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Jon Stewart Puts Jim Cramer, and CNBC, on the Defensive

Fortune magazine, for instance, reported in 2006 on "How Dick Fuld transformed Lehman from Wall Street also-ran to super-hot machine." Fuld, the CEO, led Lehman Bros. into bankruptcy. Most news outlets ignored or minimized a decision by the Securities and Exchange Commission to rely on investment banks to police themselves, a move cited by the New York Times last fall as a key element in the debacle that followed. At the same time, the Wall Street Journal, among others, highlighted the risks at Fannie Mae and Freddie Mac, now controlled by the government, and such columnists as Steven Pearlstein of The Washington Post and Gretchen Morgenson of the Times warned about massive credit risks.

CNBC reported early last year that AIG's mounting debt load cast doubt on its assurances of creditworthiness. Cramer warned viewers in October to get out of the stock market if they might need the money in the next five years. But the network also hosts a parade of corporate executives, fund managers and investment analysts with a vested interest in talking up stocks.

Stewart's video montage last week showed CNBC staffers and guests appearing to rule out the notion that Lehman, AIG and Merrill Lynch could face bankruptcy, as happened soon afterward. Cramer was seen repeatedly touting Bear Stearns as a good buy in the weeks before the company collapsed.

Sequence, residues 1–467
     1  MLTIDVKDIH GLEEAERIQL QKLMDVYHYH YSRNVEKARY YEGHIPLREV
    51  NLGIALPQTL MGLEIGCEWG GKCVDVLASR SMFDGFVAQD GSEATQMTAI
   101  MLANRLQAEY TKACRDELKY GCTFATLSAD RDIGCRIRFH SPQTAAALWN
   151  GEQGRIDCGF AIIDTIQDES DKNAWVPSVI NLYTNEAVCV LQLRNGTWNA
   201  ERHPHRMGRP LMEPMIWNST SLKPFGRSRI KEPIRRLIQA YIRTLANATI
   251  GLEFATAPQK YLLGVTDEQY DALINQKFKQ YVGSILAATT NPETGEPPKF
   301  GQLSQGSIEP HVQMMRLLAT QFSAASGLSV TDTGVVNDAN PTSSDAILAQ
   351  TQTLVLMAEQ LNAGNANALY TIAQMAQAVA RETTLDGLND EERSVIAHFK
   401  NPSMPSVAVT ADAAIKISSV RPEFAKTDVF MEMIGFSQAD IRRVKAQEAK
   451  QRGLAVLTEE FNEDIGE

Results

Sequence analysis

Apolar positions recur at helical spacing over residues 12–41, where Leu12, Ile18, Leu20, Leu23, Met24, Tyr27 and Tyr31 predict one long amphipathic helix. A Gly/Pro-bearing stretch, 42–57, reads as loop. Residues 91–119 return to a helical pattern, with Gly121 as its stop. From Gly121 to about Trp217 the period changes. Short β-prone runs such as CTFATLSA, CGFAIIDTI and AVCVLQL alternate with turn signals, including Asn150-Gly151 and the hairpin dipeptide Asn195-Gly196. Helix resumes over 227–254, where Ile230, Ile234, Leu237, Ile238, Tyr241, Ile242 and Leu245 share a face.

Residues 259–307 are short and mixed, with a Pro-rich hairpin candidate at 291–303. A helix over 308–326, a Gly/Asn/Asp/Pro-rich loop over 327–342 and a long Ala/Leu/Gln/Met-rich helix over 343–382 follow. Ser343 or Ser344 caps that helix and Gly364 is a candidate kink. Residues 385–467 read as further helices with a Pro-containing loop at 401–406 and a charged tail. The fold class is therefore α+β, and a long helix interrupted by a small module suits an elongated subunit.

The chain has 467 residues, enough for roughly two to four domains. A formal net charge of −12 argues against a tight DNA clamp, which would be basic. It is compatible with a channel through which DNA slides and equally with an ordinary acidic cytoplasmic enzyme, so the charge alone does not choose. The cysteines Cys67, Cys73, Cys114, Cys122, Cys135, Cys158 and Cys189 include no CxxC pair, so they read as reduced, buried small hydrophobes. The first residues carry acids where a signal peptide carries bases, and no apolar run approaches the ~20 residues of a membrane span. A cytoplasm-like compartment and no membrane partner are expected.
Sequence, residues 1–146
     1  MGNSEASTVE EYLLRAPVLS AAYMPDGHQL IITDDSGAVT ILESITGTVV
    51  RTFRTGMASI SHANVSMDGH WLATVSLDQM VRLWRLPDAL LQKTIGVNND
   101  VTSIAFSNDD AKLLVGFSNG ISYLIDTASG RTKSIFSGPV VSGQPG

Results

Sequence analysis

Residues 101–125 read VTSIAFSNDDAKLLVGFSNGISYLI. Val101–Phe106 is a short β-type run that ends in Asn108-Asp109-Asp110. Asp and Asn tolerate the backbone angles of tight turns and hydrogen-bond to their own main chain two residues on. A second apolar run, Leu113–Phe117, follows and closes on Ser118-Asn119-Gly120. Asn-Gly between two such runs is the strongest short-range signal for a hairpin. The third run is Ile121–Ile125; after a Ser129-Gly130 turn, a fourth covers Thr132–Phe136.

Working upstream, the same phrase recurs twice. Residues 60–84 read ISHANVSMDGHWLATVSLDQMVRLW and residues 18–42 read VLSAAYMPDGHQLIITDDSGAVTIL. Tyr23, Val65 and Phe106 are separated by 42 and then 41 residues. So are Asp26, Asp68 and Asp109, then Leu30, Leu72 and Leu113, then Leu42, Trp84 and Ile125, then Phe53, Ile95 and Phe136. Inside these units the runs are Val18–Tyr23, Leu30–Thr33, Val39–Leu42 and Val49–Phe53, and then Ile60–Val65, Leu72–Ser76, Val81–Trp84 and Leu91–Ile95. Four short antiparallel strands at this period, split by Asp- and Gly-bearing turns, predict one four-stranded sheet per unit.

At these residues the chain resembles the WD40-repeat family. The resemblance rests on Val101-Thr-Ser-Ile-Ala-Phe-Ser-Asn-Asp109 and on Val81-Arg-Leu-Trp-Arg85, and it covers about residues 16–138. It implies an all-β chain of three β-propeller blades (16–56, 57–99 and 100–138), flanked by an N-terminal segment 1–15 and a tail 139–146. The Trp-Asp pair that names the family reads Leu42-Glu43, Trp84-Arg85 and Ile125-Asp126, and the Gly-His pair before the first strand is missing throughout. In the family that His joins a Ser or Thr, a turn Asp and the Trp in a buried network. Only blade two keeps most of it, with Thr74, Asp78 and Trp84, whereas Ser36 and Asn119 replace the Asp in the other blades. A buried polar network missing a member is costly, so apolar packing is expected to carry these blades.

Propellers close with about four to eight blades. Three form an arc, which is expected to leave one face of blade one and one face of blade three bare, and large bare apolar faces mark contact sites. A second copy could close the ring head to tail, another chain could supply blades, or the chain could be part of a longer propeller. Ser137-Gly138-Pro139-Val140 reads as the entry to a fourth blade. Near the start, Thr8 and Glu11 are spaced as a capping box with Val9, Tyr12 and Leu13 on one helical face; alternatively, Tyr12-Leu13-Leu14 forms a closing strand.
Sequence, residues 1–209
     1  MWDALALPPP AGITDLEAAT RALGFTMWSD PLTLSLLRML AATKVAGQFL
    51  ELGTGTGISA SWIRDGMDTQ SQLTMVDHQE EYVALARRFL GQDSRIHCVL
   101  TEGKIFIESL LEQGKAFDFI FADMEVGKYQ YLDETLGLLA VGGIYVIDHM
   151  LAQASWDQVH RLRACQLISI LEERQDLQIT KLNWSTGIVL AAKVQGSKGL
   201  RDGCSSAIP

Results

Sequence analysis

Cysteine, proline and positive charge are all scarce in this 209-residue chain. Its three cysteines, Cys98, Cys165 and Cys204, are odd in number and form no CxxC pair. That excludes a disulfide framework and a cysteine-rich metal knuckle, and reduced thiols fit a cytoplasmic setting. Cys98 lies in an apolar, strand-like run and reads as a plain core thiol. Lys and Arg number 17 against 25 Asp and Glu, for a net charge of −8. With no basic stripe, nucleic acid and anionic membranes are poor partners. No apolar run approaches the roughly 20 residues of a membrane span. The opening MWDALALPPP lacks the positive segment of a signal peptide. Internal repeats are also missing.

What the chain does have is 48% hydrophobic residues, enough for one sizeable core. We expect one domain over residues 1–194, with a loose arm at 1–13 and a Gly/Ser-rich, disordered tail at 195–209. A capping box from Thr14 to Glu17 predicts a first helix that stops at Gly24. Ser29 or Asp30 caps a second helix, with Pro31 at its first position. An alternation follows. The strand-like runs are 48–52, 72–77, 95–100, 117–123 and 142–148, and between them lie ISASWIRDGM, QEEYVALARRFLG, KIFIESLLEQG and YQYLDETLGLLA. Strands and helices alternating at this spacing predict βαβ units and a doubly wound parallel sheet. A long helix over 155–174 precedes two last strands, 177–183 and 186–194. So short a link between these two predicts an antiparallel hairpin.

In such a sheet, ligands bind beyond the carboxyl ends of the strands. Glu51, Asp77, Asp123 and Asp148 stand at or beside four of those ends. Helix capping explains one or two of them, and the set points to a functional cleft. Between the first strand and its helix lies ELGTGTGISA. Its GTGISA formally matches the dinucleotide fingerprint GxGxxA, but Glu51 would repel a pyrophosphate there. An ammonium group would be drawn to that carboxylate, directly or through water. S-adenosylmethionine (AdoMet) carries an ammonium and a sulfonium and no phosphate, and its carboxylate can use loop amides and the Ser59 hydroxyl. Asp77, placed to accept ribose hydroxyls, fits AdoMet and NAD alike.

Stewart has long used quick-cut editing -- a technique that has been copied by some news programs -- and liberals cheered when the target was the Bush administration and the war Stewart dubbed "Mess O'Potamia." But he has periodically erupted about what he views as the media's shortcomings.

At last year's Democratic convention, Stewart called cable news a "brutish, slow-witted beast" whose practitioners are too cozy with the officials they cover.

"People view him now as a truth-teller, not a joke-teller," says Jon Friedman, media columnist for "His satire goes beyond anything that Tina Fey did with Sarah Palin." Stewart, he says, has turned CNBC into "the scapegoat for the recession."

Steve Friedman, a former top executive at NBC and CBS, called Stewart "a 2009 version of Will Rogers -- a social commentator who pokes holes in people who don't usually get holes poked in them." He said CNBC had not been damaged by the ridicule: "They do some very good work, they do some very shoddy work. But if you're looking at how your stocks are doing, that's the place to go."

With such stars as Maria Bartiromo, Erin Burnett and David Faber, CNBC reaches a small but affluent audience -- 282,000 viewers in the first two months of this year -- who appreciate both the real-time financial data and the banter on "Squawk Box" and other shows. Stewart accused CNBC of catering to its well-heeled viewers, asking: "Which side are they on?"

Online reaction tended to split along partisan lines. National Review's Mark Hemingway wrote that "Cramer's appearance on the show . . . was nothing short of a predictable sandbagging, with Stewart hopped up on faux indignation." But James Moore said on the Huffington Post that Stewart "has brought back context to journalism by making people in our drive-by culture responsible for their words and even actions."

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